For nearly four decades, the Multi-Cultural Center has been a beacon of hope and last resort for Palestine's most vulnerable residents.
Just ask George Black.
After more than 12 years in Tennessee Colony’s Powledge Unit, Black came home three years ago with only $50 in cash, one set of street clothes, and a month’s supply of prescription medications.
Among the thousands of returning citizens released from Texas prisons each year, he was one of the lucky ones.
After Black, 56, served time for burglary, a family member brought him to the Multi-Cultural Education Center in Palestine, a nonprofit that connects 25-30 recently released prisoners each year – men and women – with resources to help them make a successful transition into their communities.
Altogether, the center helps nearly 200 people a month. For people without homes, jobs, or even food, the MCEC has served as a thrift shop, food pantry, classroom, jobline, and crisis center.
People are helped without charge. Some need a job. Others need GED classes, a gas voucher to get to work, or assistance with an electric or water bill. If the center turns someone away, he or she is referred to an agency that can help. MCEC also refers job seekers to Sanderson Farms or Walmart.
The MCEC does all that, and more, on a bare bones budget of $38,000-a-year – most of it from the thrift shop, as well as grants from the United Way of East/Central Texas and Walmart. The center's director, Betty Nickerson, does not receive a salary; nor do the center’s eight volunteers. Their kindness comes straight from their hearts.
With an aging building and rising utility costs, however, a center that has rebuilt so many lives now needs rebuilding itself.
The 1,500-square foot building, though full of activity, needs a new roof, ceiling, floors, lighting, windows, offices, kitchen, restroom, and a play area for children while their parents shop, Nickerson told the Herald-Press.
Last year, the center wrestled with plumbing problems that shut down its restrooms for a year. The MCEC asked the city for help and hired plumbing companies to dig up pipes before the problem was fixed. The center paid more than $5,000 in plumbing bills, but also received 375 feet of donated pipe.
I can’t be selfish
Miss Betty, as Nickerson is also known, is the MCEC’s backbone, an East Texas version of Mother Theresa. One of her eight children experienced substance abuse problems, but her heart also aches for others facing addiction.
“I can’t be selfish,” Miss Betty said. “I have to be giving; that’s what we’re taught to do.”
The MCEC aims to meet the physical, mental, emotional, and spiritual needs of local residents.
Carl Barrett, 70, first came to the center 37 years ago; he struggled with substance abuse for decades. Drugs, forgery, and parole violations ended with several prison bids, adding up to 15 years.
“[Miss Betty] stayed with me,” Barrett said, recalling times when she gave him food, let him stay in her house, and found him a job. Now, Barrett calls her “Mama.”
“It wasn’t just one time [Barrett] was forgiven,” Miss Betty said. “I knew something good would come out of him someday.”
For Black, receiving food, household items, and four sets of gently-used clothing made a big difference, after returning to the world with almost nothing. His sister took him in, allowing him to live in her home.
Black is still young enough to work, but years of substance abuse have taken their toll. Before he was locked up, Black worked for a roofing company. He can no longer do that kind of work, as he suffers from Type II Diabetes, neuropathy, and congestive heart failure. Black said he has visited the emergency room more than two dozen times since his release.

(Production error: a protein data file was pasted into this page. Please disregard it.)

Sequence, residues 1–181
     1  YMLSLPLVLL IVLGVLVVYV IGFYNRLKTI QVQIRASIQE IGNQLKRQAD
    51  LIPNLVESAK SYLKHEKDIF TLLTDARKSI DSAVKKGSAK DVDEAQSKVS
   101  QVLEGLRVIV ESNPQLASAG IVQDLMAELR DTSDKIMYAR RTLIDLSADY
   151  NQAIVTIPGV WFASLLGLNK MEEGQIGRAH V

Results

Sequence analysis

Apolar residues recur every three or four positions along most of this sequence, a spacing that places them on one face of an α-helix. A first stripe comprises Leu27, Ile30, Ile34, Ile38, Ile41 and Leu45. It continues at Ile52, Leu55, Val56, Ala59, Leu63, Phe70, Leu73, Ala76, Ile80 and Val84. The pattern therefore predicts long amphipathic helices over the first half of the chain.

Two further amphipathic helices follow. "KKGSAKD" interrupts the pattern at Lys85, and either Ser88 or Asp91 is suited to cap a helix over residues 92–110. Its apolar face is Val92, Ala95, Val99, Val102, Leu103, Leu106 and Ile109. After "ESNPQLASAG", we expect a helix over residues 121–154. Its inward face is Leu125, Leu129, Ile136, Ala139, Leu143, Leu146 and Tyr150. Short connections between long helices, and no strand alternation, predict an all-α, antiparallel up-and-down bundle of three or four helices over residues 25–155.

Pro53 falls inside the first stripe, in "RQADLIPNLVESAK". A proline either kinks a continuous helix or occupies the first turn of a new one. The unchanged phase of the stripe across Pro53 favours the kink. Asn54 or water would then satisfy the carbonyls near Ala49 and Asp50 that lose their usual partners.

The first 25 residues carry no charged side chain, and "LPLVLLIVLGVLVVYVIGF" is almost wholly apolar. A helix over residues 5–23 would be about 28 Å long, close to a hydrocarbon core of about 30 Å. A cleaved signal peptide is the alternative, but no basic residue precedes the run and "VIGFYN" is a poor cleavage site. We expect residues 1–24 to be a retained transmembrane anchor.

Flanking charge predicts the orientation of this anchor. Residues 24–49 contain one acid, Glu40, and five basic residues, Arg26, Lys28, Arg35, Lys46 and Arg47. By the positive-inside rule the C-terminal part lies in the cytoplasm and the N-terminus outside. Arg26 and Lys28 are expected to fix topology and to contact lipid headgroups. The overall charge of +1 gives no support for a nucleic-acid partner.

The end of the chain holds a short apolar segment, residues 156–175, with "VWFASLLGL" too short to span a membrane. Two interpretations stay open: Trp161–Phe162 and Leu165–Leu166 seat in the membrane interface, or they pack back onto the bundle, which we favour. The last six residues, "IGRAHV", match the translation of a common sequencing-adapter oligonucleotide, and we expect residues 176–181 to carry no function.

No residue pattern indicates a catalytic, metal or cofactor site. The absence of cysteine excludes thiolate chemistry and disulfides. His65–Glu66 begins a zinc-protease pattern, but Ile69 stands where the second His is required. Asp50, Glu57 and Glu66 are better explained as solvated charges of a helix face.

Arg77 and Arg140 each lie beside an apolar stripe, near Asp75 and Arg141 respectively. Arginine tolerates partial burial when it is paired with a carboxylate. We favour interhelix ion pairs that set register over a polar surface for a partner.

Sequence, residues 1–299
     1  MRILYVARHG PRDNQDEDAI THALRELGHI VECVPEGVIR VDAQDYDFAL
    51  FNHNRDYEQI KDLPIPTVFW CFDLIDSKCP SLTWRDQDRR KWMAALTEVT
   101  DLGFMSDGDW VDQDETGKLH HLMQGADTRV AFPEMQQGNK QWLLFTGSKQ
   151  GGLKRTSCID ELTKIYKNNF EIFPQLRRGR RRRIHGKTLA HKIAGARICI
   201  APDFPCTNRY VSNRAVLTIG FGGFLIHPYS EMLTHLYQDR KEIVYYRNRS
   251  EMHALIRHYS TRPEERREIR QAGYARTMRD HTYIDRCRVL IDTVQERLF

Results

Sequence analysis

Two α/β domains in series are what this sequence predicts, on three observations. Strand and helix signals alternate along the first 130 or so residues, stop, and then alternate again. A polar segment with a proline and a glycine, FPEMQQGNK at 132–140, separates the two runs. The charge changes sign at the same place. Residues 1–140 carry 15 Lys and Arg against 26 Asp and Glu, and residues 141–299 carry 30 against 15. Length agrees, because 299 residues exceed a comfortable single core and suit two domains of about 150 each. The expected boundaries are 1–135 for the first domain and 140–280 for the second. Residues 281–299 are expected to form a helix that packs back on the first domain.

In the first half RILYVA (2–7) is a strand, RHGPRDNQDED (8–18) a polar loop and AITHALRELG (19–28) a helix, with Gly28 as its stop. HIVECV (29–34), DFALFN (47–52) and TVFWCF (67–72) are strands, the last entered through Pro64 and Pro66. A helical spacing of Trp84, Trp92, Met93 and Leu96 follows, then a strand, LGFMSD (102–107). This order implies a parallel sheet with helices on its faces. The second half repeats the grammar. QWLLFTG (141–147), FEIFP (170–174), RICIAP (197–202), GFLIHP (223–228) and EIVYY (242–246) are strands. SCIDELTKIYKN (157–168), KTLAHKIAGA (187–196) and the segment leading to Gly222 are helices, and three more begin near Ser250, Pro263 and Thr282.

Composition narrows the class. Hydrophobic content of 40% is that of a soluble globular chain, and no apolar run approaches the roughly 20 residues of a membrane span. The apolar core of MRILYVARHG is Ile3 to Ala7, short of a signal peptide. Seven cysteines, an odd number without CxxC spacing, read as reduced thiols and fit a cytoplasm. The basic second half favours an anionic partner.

“Ex-prisoners need referrals, insurance, and emergency room visits,” Black said. “People return to their ways because they don’t have a place to go or means or resources.”
Ray Nickerson, one of Miss Betty’s sons, is the MCEC’s volunteer public relations director. He interviews parolees, vets their applications, and records their names and ID numbers. He also records a description and dollar value of received items. He said each set of clothing, including shoes and belts, has a value of $125.
“Whatever it is they need to get a new start, we try to provide, as long as it’s here in the store,” Nickerson said.
Most agencies in Anderson County refer former prisoners to MCEC, he said, as does Texas 2-1-1, a statewide and state-funded referral system. The center typically provides resources to residents of Anderson, Smith, Leon, and Rusk counties.
The former prisoners are grateful for the service. “It’s something they didn’t expect, and we’re giving them a helping hand,” Nickerson said.
Barrett, who now attends church services, said he would like to assist others struggling with substance abuse. He wants to give back. “I was a rascal,” Barrett said. “By the grace of God, I’m here today.”
The building, at 1402 W. Oak St., draws hundreds of curious shoppers looking for good bargains. The sales produce enough for the center’s overhead costs, but any amount earned above that goes to help people in crisis. Gently used clothing and household items come to the MCEC as donations, which volunteers clean and prepare for resale.
Though 80, Miss Betty has no plans for slowing down. She talks about the need for more volunteers to help in the center’s community garden, or work in the office, writing letters and filing quarterly reports. For Miss Betty, every day is a new opportunity to help someone.
If you would like to donate to MCEC, make checks payable to:
Multi-Cultural Education Center, 1402 W. Oak St., Palestine, Texas 75801.
For information, call 903-729-3488.